Then if a cybercriminal does crack or guess your password, they will also need your cell phone or access to the authenticator app. You should not have the two-factor message sent to your computer because if your device was stolen, the code would be sent directly to the attacker.
You can’t get through a day in the office without receiving an email with an attached file. It’s almost instinctive to immediately open a file when you see it. But you should pause, take a breath, and review the email before you click “open.”
Verify the email address itself; do not trust the display name, this can be spoofed. An email from a manager, coworker, or client that commonly sends you attachments is most likely safe to open. By default, many email applications have virus scanning abilities and can filter common spam and known offenders. You can review these settings in your email or have the IT department review them with you.
Your company should have a policy in place that clearly outlines the security and acceptable use for email. It will tell you what you can, and can not, use company email for. These policies form the infrastructure for your entire security program. Restricting email usage to only business activities reduces the number of areas where your email is exposed on the internet.
If you’re using your company email to shop online, sign up for subscription services, or emailing friends then you’re broadening the exposure to cybercriminals. Everyone should keep their email use restricted, from the newest employee to the CEO, nobody should use their company email for personal reasons. If upper management follows this email security policy, every worker in the company should as well.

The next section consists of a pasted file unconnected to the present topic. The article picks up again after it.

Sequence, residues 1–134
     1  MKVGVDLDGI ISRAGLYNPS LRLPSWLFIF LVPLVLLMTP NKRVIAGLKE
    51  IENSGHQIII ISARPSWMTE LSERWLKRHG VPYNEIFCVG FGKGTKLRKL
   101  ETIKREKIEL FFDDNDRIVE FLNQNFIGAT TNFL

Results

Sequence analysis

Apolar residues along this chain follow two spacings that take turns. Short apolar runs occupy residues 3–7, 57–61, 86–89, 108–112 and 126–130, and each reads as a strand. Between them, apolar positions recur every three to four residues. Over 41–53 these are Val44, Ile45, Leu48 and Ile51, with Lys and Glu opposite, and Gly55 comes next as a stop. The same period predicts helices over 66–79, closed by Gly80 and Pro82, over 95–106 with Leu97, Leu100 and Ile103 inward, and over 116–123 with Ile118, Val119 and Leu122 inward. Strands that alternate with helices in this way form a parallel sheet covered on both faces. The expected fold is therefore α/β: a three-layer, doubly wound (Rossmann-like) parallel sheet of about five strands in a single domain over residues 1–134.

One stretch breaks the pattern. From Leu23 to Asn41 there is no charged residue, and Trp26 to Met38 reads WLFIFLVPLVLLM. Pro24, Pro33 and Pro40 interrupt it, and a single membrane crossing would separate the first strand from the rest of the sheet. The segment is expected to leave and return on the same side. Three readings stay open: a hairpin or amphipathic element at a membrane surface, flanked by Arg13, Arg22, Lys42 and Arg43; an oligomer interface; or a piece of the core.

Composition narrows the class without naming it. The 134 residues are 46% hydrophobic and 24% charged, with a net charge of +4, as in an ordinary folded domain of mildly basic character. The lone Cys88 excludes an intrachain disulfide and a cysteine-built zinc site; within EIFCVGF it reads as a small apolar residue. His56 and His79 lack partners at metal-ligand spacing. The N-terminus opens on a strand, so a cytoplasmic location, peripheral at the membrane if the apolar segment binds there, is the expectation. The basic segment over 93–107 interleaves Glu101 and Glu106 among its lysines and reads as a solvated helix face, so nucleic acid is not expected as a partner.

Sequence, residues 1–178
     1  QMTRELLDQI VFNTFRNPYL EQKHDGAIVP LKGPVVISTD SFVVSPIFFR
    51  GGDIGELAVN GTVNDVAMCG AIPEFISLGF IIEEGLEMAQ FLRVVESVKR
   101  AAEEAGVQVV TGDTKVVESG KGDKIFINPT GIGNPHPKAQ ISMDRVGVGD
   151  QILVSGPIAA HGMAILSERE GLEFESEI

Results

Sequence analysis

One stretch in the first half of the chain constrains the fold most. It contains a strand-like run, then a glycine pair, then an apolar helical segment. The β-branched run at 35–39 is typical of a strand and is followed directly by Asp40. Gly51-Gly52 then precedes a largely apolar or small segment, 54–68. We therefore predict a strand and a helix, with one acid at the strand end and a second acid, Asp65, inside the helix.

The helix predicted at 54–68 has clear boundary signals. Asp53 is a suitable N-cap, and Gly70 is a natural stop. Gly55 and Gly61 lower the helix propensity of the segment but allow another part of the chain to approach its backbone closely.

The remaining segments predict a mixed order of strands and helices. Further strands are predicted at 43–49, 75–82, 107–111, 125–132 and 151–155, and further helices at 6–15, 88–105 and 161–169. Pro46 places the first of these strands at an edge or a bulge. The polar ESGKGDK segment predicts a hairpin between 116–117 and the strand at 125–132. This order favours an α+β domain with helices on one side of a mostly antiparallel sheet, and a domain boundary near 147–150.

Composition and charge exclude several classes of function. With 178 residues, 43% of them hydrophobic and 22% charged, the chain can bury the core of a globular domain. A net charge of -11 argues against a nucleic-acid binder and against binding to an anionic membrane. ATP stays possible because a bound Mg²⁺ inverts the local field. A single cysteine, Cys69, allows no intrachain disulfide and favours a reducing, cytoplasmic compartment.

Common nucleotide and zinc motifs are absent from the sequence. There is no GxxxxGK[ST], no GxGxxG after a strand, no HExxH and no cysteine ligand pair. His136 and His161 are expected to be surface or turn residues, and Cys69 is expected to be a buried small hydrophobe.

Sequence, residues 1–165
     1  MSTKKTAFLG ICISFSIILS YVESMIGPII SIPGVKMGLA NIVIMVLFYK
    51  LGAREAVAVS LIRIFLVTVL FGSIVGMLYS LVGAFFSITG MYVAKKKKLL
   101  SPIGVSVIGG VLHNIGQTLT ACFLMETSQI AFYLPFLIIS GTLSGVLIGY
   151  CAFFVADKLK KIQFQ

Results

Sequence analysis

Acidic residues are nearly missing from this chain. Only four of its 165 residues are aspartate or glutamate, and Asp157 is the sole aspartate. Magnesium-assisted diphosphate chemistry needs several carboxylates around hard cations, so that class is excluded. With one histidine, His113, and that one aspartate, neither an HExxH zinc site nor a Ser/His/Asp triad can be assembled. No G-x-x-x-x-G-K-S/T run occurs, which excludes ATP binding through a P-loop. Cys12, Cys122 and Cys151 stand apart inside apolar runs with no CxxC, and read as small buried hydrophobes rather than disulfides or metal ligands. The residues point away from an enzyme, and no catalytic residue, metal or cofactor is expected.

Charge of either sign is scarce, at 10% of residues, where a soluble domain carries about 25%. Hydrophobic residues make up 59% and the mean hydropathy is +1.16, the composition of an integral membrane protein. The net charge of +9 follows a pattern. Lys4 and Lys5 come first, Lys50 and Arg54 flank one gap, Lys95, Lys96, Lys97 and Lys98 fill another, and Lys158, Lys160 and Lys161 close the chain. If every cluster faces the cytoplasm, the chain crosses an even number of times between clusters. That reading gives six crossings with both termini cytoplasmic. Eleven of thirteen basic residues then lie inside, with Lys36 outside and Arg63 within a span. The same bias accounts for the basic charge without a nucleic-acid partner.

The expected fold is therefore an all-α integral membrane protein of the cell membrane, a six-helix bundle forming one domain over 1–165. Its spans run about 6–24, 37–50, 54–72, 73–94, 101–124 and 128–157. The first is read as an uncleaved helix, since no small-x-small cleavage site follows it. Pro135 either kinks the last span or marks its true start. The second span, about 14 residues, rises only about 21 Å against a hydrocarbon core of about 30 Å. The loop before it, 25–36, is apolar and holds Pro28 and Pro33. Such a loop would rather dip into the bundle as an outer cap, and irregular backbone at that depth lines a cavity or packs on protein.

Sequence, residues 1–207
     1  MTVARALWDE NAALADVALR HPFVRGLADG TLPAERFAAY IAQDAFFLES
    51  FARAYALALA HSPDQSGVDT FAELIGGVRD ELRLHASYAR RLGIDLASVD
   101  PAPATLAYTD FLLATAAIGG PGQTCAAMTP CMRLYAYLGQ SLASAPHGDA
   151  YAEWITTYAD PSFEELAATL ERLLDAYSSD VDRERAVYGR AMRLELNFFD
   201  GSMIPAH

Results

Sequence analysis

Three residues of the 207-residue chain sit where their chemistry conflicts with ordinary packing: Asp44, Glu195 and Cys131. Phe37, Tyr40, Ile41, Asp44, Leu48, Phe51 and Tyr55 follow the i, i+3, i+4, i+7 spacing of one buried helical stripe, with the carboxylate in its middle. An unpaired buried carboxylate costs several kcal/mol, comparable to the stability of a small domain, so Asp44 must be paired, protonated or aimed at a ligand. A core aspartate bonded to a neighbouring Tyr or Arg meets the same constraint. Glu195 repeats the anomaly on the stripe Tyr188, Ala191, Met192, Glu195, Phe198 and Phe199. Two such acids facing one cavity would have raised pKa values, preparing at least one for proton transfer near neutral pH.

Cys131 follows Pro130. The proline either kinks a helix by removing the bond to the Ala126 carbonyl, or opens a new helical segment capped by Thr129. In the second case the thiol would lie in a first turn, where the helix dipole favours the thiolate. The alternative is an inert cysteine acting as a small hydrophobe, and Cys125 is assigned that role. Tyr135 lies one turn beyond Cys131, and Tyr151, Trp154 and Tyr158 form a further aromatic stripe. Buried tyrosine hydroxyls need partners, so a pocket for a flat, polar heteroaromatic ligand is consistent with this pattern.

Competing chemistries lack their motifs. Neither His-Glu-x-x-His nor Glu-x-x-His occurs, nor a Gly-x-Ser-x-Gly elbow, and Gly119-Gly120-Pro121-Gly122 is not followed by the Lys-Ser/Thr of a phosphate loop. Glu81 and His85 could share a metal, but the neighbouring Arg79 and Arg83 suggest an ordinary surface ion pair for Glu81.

Are you sometimes working from an airport, waiting for a flight, and answering emails? More often than not if you’re in this scenario you’re using public access wi-fi. Anybody sitting in the airport could hack your data via the public wi-fi connection. An attacker could be sniffing all the data that is going across the wi-fi, including your emails with company data. Installing and using a VPN (virtual private network) when working on unsafe networks is essential for security.
Not only do VPNs encrypt the data, but they allow you to work safely and securely in public. The data will be encrypted from end-to-end by your VPN, offering you security and keeping your company data private. VPNs are not very difficult to implement, depending on your organization. You can use a VPN service that is usually quick and easy to set up or your IT department can create their own VPN depending on the structure of your network. You should make sure you also choose a trustworthy provider with a solid track record.